A.L. Lloyd sang The Banks of the Nile on the 1973 LP, The Valiant Sailor: Songs and Ballads of Nelson's Navy. He was accompanied by Alistair Anderson on concertina and Bobby Campbell on fiddle. This recording was also included in the French compilation album Chants de Marins IV: Ballads, Complaintes et Shanties des Matelots Anglais. Roy Palmer commented in the original album's sleeve notes:

In this song a girl wants to go to sea with her man, who prevents her by taking shelter behind naval regulations. Other sailors must have been less persuasive or less obedient, since women were by no means strangers to navy ships in Nelson's day. At the battle of the Nile itself, women helped with carrying powder to the guns; some were wounded, and one gave birth to a baby. Versions of this song continued popular for a century or more, sometimes being remade to suit other battles and campaigns, or other occupations, including sheep-shearing in Australia, as in the well-known Banks of the Condamine.

Jumbo Brightwell sang The Banks of the Nile between 1975 and 1977 in a recording by Keith Summers that was published in 1978 on the Topic album Sing, Say and Play: Traditional Songs and Music from Suffolk.

Roy Harris sang The Banks of the Nile on his 1979 Fellside LP The Rambling Soldier: Life in the Lower Ranks 1750-1900 Through Soldier Songs which accompanied his book The Rambling Soldier (Penguin 1977).

Maggie Holland sang The Banks of the Nile in 1983 on her first solo LP Still Pause. This track was also included in 2007 on her anthology CD Bones.

Martin Carthy sang The Banks of the Nile on his 1988 album Right of Passage; this was re-released in 1993 on The Collection. A previously unreleased instrumental version of The Banks of the Nile, scheduled for a forthcoming Martin Carthy CD, is on the 2003 anthology The Definitive Collection. Martin Carthy commented in his original recording's sleeve notes:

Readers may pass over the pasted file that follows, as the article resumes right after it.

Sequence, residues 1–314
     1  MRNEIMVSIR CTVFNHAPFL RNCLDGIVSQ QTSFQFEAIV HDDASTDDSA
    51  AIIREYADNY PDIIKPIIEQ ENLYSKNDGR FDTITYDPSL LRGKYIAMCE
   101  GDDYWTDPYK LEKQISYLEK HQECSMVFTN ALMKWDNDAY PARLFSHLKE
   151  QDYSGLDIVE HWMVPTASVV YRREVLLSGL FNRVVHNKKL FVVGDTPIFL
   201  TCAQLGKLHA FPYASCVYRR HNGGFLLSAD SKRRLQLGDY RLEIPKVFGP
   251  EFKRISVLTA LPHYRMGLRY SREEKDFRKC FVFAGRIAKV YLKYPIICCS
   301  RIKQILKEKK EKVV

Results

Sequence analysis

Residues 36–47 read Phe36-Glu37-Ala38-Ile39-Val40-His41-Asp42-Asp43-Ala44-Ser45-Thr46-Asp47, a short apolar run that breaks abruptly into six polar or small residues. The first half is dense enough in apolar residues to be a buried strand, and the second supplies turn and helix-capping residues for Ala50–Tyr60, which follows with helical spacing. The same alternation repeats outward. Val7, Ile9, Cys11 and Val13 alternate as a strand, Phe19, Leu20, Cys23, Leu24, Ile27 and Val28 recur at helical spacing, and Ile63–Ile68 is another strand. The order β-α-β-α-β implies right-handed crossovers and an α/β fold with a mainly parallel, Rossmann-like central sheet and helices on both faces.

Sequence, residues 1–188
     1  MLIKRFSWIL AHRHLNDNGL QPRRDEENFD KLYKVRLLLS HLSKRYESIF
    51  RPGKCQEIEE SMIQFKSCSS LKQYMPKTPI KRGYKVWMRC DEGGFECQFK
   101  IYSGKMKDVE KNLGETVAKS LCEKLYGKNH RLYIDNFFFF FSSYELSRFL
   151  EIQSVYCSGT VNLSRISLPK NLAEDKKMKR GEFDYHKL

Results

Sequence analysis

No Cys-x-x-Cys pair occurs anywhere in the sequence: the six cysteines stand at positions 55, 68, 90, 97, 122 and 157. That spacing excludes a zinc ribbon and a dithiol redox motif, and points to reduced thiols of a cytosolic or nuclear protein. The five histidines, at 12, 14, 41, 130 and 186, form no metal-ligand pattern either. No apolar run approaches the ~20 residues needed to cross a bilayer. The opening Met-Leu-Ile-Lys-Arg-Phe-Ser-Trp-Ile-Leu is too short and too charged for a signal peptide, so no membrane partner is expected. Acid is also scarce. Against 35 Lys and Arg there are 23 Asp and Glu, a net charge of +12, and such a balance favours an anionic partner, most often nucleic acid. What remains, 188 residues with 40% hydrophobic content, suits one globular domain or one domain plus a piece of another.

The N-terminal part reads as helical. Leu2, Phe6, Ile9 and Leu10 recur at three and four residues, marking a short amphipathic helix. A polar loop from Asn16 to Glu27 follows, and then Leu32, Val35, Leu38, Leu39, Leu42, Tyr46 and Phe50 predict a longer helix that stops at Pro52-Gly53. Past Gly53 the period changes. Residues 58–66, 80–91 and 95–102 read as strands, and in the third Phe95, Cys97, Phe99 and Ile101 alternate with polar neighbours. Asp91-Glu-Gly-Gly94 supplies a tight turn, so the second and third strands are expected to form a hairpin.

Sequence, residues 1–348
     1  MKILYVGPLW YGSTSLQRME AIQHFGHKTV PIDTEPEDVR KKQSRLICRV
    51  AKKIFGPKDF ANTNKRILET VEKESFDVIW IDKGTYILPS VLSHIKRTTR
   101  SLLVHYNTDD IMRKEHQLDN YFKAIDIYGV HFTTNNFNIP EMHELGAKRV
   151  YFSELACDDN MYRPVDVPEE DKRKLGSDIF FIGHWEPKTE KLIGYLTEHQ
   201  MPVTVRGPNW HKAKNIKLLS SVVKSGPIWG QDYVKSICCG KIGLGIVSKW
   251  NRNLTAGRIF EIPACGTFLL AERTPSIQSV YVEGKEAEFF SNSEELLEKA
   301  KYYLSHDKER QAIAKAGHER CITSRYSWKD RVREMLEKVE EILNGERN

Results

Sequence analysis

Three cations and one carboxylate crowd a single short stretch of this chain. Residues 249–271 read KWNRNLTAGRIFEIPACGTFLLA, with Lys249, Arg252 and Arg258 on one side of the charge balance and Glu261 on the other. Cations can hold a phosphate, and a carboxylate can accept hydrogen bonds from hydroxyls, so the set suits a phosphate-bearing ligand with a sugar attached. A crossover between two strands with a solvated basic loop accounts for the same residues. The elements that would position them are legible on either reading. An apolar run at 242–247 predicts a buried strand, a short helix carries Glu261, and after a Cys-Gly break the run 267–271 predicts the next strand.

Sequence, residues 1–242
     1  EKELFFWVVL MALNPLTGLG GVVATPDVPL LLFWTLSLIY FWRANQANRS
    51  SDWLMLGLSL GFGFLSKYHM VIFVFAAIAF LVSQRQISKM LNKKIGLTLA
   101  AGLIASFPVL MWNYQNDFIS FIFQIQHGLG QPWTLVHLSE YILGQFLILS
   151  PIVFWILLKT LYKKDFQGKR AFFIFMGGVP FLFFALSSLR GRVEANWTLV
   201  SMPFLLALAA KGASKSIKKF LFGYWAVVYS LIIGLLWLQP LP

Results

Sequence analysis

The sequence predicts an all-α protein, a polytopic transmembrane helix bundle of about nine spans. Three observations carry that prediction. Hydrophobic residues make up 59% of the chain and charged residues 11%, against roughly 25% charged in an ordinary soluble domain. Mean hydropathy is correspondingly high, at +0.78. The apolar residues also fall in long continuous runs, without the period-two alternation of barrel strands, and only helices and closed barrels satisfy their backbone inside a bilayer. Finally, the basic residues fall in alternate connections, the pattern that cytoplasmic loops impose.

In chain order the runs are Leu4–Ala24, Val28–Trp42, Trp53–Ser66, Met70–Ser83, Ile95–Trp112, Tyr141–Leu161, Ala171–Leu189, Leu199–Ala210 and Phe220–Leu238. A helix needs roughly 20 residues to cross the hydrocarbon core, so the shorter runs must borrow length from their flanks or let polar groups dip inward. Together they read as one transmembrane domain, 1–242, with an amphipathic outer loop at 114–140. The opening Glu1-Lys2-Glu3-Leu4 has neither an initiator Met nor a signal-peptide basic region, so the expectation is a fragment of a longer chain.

As an avid stamp collector when I was a little boy I was, for some reason, fascinated by the Falkland Islands, and I remember first hearing the name Malvinas during the fifties and then approximately every ten years after that. It still astonishes me that during the 1982 war there was so very little, if any, public questioning of the basic notions which Parliament and the press propagated. The first war that England had watched on TV may have had something to do with it, and certainly I shall not forget the utterly toneless briefings of that MOD official night after night. I'm sure he's always existed and that the armed forces have always made use of him. I'm equally sure that the laughing, cheering and banging of drums that saw off the task force was replaced in fairly short order by the sort of doubt, misery and torture to be found in The Banks of the Nile. This, like Eggs in Her Basket, is a song from the Cardboard Box, but unlike that song there is no clue to the identity of the singer nor the one who recorded him. Whoever he is, he is a fabulously inventive musician and I for one would love to know his name. I'm indebted to Malcolm Taylor at the Vaughan Williams Library for letting me hear it.